December 10, 2007: High school sleuths learn CSI skills at Cap College workshops

      FOR IMMEDIATE RELEASE
      Monday, December 10, 2007
      Shelley Kean, Public Affairs Manager, Capilano
      E-mail: skean@capilanou.ca
      Office: 604.983.7596
      Cell: 604.868.4374

      (NORTH VANCOUVER, B.C.)—More than 200 Lower Mainland high school sleuths will be hot on the DNA trail of a killer this week at Capilano College’s North Vancouver campus during a series of Genome B.C.-sponsored Geneskool on the Road workshops.

      And while the homicide they’re investigating is fictional, the secondary school biology students from Burnaby, Vancouver, Mission, Richmond and Delta will employ the same techniques and equipment used on the popular TV crime drama, CSI: Crime Scene Investigation.

      “The kids just have a ball at these events,” says Capilano lab convener, Ann Meitz, herself a huge CSI fan, who sat in at the college’s Geneskool workshops last April and is one of three facilitators for the fully booked day-long sessions running Dec. 11 - 14.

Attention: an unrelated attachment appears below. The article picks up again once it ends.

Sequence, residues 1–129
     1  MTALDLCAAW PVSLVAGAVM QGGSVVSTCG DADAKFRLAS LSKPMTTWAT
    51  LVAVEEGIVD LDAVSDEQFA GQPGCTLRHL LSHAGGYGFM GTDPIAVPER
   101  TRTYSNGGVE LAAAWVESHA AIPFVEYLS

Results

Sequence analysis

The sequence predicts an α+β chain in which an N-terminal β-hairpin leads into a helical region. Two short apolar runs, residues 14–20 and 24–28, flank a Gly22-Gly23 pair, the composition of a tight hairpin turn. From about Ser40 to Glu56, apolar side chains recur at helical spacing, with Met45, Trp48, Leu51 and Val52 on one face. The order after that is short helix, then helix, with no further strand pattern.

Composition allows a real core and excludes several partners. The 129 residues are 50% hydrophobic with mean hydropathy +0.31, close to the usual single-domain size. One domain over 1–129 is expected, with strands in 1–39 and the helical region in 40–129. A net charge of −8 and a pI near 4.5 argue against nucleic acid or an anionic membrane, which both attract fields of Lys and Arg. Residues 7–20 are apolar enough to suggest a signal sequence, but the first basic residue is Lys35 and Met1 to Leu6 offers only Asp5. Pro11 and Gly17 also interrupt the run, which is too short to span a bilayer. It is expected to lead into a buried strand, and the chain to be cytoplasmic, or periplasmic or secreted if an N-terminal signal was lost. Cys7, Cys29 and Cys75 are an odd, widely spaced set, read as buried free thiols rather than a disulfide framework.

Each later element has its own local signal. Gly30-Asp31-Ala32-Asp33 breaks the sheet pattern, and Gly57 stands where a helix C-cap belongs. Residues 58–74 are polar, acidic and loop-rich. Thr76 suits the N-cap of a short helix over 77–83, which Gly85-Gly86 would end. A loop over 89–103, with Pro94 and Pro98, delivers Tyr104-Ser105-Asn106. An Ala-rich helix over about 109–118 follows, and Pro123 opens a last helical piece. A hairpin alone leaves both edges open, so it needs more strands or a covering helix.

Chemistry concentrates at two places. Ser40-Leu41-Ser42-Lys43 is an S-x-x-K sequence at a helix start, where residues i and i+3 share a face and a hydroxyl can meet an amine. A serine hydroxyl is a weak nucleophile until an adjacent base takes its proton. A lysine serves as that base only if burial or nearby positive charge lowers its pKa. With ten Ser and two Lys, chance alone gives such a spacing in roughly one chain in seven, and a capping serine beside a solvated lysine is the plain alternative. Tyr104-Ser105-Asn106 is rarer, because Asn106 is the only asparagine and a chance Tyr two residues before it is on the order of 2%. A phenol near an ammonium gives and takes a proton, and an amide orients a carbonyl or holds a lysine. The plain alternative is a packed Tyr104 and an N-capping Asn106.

“They do DNA extraction from fruit, as opposed to real crime-scene DNA. But they use the same genetic fingerprinting tools that forensics and biotech labs work with,” says Meitz.

      The participants are divided into teams, introduced to crime details and suspects, and given blood-test results from a biochemical process called enzyme linked immuno-sorbent assay, or ELISA, that help narrow the suspect pool. Crime-scene fingerprints help investigators narrow the field even further, to a level at which real detectives could obtain a warrant to collect suspect deoxyribonucleic acid (DNA) samples.

      The teams use a polymerase chain reaction (PCR) process to artificially amplify the microscopic DNA snippets and gel electrophoresis to separate the material from other molecules. They then stain the results, which are visually represented in a now-familiar series of parallel bands in order to analyze and compare the genotypes of suspect and crime-scene DNA.

      When the culprit’s DNA is finally revealed, many of the students “are totally surprised,” says Meitz, “because the person they initially suspected didn’t do it.”

      The workshops will run again in April 2008. For more information, contact Marja de Jong Westman at 604.986.1911, local 3478, or e-mail mdejong@capilanou.ca

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      Contacts:
      Marja de Jong Westman
      Capilano College Biology instructor
      E-mail: mdejong@capilanou.ca
      Phone
      : 604.986.1911, local 3478

      Catherine Anderson
      Genome Education Specialist
      E-mail: canderson@genomebc.ca
      Phone: 604.738.8072

      Julia White
      Communications Officer
      Genome British Columbia
      E-mail: jwhite@genomebc.ca
      Phone
      : 604.637.4378